How To Fix Car Paint as a Novice
If you are new to the automotive detailing world, the vast amount of products and information can seem overwhelming. If venturing into machine polishing is not something you can or want to do, this article how to fix car paint as a novice should help.
The paint on your car is under constant bombardment from the elements. UV rays from the sun can cause oxidisation on the surface. Water spots, tree sap and bird droppings can cause etching into the paint, which cannot be removed using washing alone.
Add into consideration poor wash techniques used by dealers and many cheap car washes, and we begin to understand how paint can quickly lose the shine it had when it was new.
We are going to look at improving the gloss of the paint on your car by hand, using products readily available.
How To Fix Car Paint as a Novice – Step by Step Guide
Step 1: The Wash Stage
I do not have any statistical evidence to back this up, but I reckon that a great deal of damage caused to paint is caused by improper washing. Some major mistakes are not carrying out a prewash, using a brush or sponge to wash the paint, and using a dirty wash mitt, to name but a few.
These all cause swirl marks to be inflicted into the paint, which over time build-up to the point that light will not reflect off the surface evenly, giving a dulled appearance. Washing the car using a safe wash method will drastically reduce the amount of wash-inflicted damage.
If you are washing your car in preparation for carrying out some paint restoration, I recommend using Meguiar’s Wash Plus.
This shampoo has micro-polishing abrasives in it and will strip away any old waxes that might be on the surface of the car. You don’t need to use a bucket for this shampoo, instead, spread some shampoo onto the surface of your wash mitt and wash the car as normal, remembering to rinse the mitt out after completing a panel. Safely dry the car using a plush microfibre drying towel.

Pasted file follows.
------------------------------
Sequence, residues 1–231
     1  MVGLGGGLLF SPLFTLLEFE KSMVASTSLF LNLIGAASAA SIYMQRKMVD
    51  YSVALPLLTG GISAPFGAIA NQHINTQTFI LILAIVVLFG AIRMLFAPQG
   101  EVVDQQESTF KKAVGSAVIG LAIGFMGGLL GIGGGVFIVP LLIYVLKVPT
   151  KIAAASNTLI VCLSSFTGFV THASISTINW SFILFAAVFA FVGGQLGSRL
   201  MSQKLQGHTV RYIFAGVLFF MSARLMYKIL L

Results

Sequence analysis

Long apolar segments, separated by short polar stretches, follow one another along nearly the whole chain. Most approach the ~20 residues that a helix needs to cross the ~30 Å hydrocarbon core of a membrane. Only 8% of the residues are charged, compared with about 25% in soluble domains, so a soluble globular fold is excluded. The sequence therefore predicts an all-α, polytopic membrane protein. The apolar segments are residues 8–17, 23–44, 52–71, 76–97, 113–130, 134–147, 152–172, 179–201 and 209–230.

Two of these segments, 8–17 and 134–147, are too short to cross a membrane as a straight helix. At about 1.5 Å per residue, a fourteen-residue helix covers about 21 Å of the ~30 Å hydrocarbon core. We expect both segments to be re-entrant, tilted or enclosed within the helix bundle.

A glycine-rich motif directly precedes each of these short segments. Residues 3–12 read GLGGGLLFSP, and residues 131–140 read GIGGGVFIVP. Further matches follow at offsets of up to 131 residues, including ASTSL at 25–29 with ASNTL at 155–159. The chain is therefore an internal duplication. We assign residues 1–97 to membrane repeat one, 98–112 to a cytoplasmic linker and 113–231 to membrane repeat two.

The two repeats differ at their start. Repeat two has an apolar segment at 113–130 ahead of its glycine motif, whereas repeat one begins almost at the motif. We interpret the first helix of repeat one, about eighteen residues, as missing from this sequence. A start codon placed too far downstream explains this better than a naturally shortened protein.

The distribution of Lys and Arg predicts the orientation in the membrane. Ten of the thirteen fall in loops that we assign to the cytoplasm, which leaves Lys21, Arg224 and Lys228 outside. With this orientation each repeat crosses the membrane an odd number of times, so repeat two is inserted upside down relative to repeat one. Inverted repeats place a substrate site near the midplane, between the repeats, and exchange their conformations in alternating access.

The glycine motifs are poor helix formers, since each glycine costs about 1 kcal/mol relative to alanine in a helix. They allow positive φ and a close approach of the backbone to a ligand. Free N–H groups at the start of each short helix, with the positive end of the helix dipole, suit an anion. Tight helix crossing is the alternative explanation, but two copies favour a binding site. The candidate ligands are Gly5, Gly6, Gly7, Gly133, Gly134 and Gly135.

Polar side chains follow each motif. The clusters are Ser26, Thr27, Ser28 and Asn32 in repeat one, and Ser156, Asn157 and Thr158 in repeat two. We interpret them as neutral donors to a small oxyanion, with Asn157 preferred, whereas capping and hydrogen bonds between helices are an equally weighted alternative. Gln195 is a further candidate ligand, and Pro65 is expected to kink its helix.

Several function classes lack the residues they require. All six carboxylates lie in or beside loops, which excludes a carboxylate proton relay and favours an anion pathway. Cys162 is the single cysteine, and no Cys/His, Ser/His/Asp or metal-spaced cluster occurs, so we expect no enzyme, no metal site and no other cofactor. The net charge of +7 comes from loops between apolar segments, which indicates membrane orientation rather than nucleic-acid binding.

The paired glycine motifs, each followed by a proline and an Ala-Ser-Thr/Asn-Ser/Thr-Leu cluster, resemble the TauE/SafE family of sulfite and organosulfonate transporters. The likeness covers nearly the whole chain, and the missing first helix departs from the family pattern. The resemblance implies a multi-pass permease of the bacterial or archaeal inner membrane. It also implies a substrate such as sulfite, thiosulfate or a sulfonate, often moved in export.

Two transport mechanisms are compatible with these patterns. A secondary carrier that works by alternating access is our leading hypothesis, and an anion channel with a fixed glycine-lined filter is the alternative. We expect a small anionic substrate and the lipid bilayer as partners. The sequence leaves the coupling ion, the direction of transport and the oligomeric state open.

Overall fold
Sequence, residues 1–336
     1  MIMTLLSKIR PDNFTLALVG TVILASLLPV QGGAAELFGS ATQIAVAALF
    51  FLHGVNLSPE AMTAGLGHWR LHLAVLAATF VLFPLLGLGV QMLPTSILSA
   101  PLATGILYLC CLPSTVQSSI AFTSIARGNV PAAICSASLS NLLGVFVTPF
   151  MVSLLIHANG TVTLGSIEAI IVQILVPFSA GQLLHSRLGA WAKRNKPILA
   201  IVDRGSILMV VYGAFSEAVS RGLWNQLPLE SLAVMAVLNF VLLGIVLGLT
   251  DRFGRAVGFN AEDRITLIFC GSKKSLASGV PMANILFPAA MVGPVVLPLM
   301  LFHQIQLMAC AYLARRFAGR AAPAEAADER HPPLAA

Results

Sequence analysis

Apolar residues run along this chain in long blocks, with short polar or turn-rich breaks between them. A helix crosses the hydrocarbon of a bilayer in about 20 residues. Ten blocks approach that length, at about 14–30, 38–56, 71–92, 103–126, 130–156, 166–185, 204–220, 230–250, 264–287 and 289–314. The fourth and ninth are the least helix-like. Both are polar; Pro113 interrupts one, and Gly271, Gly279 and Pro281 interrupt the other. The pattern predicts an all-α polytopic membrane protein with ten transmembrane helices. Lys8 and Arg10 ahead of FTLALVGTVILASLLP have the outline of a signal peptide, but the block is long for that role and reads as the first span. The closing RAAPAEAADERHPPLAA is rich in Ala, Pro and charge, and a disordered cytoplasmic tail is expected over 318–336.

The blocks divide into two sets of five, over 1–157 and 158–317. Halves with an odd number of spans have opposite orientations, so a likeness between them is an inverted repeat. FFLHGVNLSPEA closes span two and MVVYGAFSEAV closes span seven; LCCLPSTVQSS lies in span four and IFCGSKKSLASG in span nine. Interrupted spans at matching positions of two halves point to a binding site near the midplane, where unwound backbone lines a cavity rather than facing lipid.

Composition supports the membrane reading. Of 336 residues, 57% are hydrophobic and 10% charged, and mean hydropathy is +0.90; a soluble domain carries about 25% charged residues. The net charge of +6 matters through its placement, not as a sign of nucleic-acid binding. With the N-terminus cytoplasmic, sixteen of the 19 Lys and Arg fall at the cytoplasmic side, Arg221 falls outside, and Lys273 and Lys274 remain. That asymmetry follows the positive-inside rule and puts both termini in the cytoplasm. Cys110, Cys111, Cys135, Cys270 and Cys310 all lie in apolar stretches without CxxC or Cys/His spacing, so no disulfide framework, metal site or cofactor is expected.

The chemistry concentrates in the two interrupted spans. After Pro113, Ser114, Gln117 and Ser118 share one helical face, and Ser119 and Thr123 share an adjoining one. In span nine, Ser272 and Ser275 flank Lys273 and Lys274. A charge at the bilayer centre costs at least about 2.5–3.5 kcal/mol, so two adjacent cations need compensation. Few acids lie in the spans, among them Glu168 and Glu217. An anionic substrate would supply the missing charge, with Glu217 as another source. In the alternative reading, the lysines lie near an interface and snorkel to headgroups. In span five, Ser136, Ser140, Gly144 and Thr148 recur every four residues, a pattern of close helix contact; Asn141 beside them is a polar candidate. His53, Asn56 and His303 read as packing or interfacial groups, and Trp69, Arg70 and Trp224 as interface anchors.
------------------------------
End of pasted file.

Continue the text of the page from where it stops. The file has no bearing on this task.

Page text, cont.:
Step 2: Decontamination
For best results, we now need to complete a decontamination of the paint. For a more in-depth look at this, check out our decontamintaion article.
Contaminants such as tar, iron fallout and tree sap build up on your paint and leave a rough surface. On a lighter coloured car fallout will be visible as small rust specks. These can be removed using dedicated chemicals and processes.
First up is tar removal. For more help on choosing a dedicated tar remover, check out this article. Most tar removers work similarly.
Dab a small amount of the product onto the affected areas, leave for the specified time and wipe away with a clean microfibre.
Next up is fallout remover. These turn red as they react with iron and allow for the contamination to be washed away. My personal favourite is Bilt Hamber’s Korrosol.
Apply liberally to body panels and allow to turn red. After a few minutes, or less if in direct sunlight, rinse away the residue.
If your paint still feels rough, you may need to use a clay bar to smooth the paint. For more information on how to use a clay bar, I’ll direct you to this comprehensive guide.
After completing the decontamination, give the vehicle a rinse to remove any residue before drying the paint once again.
Step 3: Polishing
This is the stage where we’ll see the biggest improvement in the paint. Modern paint is made up of three layers. A primer coat, a colour coat, and a clear coat, which is the thickest layer.
The hard clearcoat provides UV protection to the colour coat beneath, preventing bleaching of the paint. This layer is where most of the swirl marks and small scratches are located. By removing a small fraction of the clearcoat, we remove these scratches, leaving a flatter surface which will give a deeper gloss.
While that may sound alarming, polishing by hand is perfectly safe and is necessary to maintain your paint.
There is no shortage of polishes on the market. Most polishes that are designed to be used by hand also contain a glaze. These contain fillers that mask light imperfections in the paint, but more on these later on. Remember that polishes are different from waxes, so both steps are needed to protect a car.
A lot of elbow grease is required to remove scratches by hand, but it can be done.
One product I find works well by hand is Meguiar’s Ultimate Compound.